2) a path specifying which object fields should be updated,
3) a jsonb value, which is the new value, and
4) a boolean flag that specifies if missing fields should be created.

In this example we convert all the event "type" fields from lower case to upper case:

UPDATE events SET event=JSONB_SET(
  event,
  '{type}',
  TO_JSONB(UPPER(event->>'type')),
  false
);

PostgreSQL provides a lot more operators and functions for working with JSON data. This post only covered the most basic ones. See the PostgreSQL JSON reference for more.

Oracle database date and time literals

For one of our projects I work with time series data stored in an Oracle database, so I write a lot of SQL queries involving dates and timestamps. Most Oracle SQL queries I came across online use the TO_DATE function to specify date and time literals within queries:

SELECT * FROM events WHERE created >= TO_DATE('2012-04-23 16:30:00', 'YYYY-MM-DD HH24:MI:SS')

So this is what I started using as well. Of course, this is very flexible, because you can specify exactly the format you want to use. On the other hand it is very verbose.

From other database systems like PostgreSQL databases I was used to specify dates in queries as simple string literals:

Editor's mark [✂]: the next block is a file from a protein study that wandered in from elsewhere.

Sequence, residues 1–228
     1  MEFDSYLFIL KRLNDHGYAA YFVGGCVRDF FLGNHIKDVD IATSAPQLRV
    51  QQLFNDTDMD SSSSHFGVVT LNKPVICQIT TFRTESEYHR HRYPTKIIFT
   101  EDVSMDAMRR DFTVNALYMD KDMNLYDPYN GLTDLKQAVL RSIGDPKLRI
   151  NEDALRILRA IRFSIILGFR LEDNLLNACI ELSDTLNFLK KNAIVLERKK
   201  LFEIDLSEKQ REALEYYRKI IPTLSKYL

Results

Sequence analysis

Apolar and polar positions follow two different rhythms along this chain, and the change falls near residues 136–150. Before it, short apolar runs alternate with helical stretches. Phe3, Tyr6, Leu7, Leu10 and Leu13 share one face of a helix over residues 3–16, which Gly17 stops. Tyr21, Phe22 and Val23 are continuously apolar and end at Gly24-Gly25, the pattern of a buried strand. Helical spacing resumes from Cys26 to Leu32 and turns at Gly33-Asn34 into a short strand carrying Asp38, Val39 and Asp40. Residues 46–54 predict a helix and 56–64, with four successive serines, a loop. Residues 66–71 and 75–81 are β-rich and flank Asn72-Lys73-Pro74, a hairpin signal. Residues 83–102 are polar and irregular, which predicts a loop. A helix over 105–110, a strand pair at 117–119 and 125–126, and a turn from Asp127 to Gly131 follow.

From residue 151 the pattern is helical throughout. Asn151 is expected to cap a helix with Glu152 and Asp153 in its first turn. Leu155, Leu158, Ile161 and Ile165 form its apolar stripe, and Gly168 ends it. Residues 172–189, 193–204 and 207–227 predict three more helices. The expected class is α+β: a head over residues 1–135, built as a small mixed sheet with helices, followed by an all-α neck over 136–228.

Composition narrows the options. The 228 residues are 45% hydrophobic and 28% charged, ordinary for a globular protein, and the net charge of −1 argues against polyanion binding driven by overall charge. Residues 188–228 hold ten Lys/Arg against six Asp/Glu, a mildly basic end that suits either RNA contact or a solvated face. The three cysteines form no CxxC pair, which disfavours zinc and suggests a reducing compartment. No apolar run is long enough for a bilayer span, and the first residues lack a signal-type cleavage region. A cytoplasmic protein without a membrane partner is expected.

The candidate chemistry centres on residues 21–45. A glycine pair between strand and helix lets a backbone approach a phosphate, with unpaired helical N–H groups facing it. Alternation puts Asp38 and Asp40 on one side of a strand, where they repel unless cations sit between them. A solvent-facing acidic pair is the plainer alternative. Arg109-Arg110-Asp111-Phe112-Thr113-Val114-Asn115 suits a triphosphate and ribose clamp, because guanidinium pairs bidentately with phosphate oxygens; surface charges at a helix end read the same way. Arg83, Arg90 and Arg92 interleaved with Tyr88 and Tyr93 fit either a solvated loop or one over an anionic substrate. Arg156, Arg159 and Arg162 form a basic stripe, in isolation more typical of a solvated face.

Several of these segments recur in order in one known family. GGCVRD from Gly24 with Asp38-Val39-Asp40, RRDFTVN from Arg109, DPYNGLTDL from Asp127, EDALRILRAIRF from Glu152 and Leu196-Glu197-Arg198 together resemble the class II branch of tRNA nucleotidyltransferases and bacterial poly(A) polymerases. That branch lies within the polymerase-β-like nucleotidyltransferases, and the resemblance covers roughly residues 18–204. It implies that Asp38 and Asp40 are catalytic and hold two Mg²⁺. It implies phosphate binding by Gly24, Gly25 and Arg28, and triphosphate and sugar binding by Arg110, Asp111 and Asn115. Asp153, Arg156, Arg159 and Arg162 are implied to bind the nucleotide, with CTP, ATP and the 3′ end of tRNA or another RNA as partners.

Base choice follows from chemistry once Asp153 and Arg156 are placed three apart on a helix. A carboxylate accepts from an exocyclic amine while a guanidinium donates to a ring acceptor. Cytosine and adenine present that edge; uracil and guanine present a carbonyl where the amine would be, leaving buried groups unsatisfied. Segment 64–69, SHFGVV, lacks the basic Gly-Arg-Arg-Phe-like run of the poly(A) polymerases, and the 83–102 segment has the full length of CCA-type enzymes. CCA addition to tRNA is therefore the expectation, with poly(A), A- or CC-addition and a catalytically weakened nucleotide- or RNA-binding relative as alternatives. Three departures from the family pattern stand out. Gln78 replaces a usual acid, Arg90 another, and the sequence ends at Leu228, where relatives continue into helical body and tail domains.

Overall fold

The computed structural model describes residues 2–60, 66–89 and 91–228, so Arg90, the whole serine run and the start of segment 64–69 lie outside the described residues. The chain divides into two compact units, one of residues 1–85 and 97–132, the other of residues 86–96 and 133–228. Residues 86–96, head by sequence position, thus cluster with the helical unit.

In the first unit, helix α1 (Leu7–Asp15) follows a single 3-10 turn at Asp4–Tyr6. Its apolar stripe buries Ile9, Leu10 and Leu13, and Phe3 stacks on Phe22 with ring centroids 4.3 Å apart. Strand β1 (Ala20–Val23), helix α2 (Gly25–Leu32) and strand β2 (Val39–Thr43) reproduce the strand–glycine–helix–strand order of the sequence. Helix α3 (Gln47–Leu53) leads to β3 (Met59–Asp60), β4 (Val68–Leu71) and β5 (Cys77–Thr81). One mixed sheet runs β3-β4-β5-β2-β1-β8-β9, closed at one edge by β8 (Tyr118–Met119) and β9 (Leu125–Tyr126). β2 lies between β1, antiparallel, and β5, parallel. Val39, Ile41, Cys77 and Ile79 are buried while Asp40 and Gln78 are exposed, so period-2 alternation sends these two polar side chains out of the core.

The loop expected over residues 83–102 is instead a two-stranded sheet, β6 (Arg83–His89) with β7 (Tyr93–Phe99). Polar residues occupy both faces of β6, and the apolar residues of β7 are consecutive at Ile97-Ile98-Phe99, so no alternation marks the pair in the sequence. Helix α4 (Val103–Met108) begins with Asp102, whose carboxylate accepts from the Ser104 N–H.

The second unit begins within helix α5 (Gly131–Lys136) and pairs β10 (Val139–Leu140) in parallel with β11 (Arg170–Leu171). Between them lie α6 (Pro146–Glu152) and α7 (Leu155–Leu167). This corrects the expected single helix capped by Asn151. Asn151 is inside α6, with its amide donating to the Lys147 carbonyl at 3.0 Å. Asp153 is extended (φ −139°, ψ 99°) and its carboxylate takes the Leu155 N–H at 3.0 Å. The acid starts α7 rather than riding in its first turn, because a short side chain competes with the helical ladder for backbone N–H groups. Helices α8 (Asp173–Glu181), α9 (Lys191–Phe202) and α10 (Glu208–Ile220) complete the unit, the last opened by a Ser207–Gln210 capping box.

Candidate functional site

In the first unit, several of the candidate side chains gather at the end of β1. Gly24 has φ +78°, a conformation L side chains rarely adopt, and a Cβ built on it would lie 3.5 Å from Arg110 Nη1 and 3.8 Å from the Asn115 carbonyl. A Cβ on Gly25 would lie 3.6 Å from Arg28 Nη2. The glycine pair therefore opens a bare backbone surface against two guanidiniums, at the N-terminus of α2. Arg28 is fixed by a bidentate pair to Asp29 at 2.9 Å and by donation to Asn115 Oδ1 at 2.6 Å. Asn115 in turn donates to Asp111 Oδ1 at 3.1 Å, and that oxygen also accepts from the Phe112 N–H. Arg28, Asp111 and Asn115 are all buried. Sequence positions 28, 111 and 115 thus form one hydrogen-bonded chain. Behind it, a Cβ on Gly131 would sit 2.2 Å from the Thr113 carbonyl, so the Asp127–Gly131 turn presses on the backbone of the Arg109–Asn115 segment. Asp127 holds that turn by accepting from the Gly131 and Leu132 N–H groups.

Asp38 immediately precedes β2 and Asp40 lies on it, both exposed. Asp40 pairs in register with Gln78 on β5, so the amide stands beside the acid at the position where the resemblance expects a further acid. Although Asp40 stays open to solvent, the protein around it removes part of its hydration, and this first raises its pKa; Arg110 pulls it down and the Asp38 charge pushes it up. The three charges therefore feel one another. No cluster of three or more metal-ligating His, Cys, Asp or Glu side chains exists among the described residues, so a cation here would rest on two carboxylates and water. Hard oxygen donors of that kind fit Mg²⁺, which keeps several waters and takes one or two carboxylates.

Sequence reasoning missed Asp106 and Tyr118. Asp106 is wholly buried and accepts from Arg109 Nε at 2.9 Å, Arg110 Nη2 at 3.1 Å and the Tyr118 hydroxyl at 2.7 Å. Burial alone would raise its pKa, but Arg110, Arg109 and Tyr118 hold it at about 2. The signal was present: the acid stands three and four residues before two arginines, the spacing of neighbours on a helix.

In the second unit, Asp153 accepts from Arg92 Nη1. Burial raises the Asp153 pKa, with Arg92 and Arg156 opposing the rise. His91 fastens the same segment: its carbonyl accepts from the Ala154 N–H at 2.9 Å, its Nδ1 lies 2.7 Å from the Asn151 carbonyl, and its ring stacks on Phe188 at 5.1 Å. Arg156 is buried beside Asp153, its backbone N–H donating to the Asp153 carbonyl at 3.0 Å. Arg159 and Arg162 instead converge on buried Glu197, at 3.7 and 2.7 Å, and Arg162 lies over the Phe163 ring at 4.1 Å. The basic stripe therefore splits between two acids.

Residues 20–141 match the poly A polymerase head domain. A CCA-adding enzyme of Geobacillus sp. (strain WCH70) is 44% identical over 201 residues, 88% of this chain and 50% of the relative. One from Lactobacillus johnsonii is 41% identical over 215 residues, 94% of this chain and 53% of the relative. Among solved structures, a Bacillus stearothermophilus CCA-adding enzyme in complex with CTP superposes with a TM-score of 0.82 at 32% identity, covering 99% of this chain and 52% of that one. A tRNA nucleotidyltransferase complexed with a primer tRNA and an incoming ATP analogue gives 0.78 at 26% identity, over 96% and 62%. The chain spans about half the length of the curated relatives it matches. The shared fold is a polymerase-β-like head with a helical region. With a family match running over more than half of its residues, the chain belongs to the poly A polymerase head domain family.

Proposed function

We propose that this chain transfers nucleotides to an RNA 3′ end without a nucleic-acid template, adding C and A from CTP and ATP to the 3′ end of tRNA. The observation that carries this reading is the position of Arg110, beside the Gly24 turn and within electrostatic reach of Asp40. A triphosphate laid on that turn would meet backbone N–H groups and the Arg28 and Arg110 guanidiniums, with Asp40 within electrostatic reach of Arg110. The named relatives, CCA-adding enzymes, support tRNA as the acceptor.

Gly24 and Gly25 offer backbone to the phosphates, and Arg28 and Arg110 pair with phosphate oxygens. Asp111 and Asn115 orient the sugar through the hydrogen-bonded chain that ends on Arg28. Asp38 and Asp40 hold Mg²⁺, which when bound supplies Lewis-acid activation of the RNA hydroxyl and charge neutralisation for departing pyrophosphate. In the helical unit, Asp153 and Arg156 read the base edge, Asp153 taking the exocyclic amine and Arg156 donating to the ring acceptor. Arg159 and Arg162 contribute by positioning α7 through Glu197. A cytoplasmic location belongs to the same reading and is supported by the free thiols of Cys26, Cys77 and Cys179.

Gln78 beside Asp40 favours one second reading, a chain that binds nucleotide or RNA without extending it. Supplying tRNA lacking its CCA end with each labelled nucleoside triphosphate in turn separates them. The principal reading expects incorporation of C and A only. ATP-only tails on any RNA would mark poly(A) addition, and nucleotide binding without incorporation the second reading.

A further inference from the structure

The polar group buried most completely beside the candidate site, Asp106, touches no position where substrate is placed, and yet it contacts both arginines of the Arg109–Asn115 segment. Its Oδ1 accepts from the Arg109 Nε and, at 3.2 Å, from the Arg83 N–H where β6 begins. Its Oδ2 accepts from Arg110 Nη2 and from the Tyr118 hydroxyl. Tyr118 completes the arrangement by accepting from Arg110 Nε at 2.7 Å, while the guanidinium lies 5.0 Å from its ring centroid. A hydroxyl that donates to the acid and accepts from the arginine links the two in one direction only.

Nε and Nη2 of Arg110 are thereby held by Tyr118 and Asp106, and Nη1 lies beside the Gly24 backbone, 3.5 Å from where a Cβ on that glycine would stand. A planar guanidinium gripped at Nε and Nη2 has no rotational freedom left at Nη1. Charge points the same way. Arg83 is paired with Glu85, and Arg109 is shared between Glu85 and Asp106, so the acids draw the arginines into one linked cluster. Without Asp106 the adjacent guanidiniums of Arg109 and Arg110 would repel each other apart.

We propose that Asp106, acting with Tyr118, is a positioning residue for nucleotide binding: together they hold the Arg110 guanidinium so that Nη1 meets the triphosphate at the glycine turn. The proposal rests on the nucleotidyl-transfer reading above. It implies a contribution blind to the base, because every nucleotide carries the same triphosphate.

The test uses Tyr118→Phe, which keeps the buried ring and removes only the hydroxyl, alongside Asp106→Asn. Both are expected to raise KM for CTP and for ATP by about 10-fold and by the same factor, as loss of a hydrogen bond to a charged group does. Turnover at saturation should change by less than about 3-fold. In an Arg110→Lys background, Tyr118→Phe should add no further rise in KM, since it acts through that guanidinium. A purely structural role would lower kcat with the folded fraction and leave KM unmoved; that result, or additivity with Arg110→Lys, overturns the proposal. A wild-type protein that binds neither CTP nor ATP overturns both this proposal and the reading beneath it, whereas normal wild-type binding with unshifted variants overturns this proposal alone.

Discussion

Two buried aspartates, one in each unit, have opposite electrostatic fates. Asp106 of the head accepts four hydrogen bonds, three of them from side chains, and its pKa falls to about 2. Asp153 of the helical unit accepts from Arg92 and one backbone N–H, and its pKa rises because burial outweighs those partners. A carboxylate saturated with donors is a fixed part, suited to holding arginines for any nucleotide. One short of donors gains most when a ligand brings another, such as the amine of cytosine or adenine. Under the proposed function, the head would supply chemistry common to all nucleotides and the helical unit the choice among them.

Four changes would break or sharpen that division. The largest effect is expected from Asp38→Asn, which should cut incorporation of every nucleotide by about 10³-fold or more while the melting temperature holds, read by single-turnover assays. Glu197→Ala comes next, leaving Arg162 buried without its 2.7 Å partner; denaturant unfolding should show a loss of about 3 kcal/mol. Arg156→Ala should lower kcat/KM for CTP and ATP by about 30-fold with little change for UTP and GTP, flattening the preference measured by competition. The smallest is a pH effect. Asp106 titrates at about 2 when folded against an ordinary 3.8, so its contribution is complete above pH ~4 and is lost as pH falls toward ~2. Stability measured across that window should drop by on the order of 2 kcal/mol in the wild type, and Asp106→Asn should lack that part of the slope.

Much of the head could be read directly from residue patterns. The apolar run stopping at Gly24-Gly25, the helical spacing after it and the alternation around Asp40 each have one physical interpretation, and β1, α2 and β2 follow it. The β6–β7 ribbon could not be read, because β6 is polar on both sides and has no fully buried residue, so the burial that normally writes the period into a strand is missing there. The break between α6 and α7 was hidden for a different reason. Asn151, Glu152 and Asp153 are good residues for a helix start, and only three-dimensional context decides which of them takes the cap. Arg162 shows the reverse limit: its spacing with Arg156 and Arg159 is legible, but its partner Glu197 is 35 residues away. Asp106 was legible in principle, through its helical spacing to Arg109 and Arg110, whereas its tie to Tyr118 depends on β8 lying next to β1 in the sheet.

SELECT * FROM events WHERE created BETWEEN '2018-01-01' AND '2018-01-31'

This doesn’t work in Oracle, but I was happy find out that Oracle supports short date and timestamp literals in another form:

SELECT * FROM events WHERE created BETWEEN DATE'2018-01-01' AND DATE'2018-01-31'

SELECT * FROM events WHERE created > TIMESTAMP'2012-04-23 16:30:00'

These date/time literals where introduced in Oracle 9i, which isn’t extremely recent. However, since most online tutorials and examples seem to use the TO_DATE function, you may be happy to find out about this little convenience just like me.

Database table naming conventions

Naming things well is an important part of writing maintainable software, and renaming things once their names have become established in a code base can be tedious work. This is true as well for the names of an application database schema, where a schema change usually requires a database migration script. That’s why you should take some time beforehand to set up a naming convention.

Many applications use object-relational mappers (ORM), which have a default naming convention to map class and property names to table and column names. But if you’re not using an ORM, you should set up conventions as well. Here are some tips:

  • Be consistent. For example, choose either only plural or singular for table names, e.g. “books” or “book”, and stick to it. Many sources recommend singular for table names.
  • On abbreviations: Some database systems like Oracle have a character limit for names. The limit for Oracle database table names is 30 characters, which means abbreviations are almost inevitable. If you introduce abbreviations be consistent and document them in a glossary, for example in the project Wiki.